An appeal of a lower court decision that held unconstitutional a state law requiring a two-thirds majority vote for the legislature to raise taxes was argued before the Washington Supreme Court last week. The Court’s decision in League of Education Voters v. State could have significant implications for the state’s compliance with an earlier court order in a school funding case.
In January 2012, in McCleary v. State, the court affirmed “basic education” as constitutionally guaranteed, and ordered the state to fully fund the system. In September, the Supreme Court, which retained jurisdiction in the McCleary case until 2018, received the first report from the legislative committee charged with informing the court of its compliance progress. The report claimed that progress was slow but that legislators were working on increasing funding.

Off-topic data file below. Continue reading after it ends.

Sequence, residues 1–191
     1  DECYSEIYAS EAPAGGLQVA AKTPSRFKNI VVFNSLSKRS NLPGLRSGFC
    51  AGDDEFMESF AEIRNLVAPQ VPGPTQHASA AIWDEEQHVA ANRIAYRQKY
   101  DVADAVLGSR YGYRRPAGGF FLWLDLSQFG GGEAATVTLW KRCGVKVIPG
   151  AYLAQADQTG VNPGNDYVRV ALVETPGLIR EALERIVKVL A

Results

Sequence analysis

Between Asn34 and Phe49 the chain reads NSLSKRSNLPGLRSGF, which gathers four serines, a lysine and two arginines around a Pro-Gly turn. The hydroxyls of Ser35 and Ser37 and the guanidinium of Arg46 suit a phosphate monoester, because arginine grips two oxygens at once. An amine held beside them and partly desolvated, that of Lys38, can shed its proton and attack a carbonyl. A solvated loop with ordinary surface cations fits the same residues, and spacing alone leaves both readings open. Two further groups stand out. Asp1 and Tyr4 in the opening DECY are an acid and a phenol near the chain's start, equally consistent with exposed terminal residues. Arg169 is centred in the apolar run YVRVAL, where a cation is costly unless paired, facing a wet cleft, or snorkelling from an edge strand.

Some legislators estimate that implementing an adequate public education system will cost between $3 billion and $4 billion; therefore, to provide the necessary funding, the state either needs to raise more revenues through taxes and increased fees, promote greater cost effectiveness and cost efficiency, or, as state representative Jaime Pedersen describes it, “cut the heck out of everything else” (i.e. healthcare, disability payments, state universities, parks). The outcome of the supermajority tax requirement suit, filed by two education nonprofit organizations and a group of legislators, clearly would affect the legislature’s ability to raise additional revenues for education.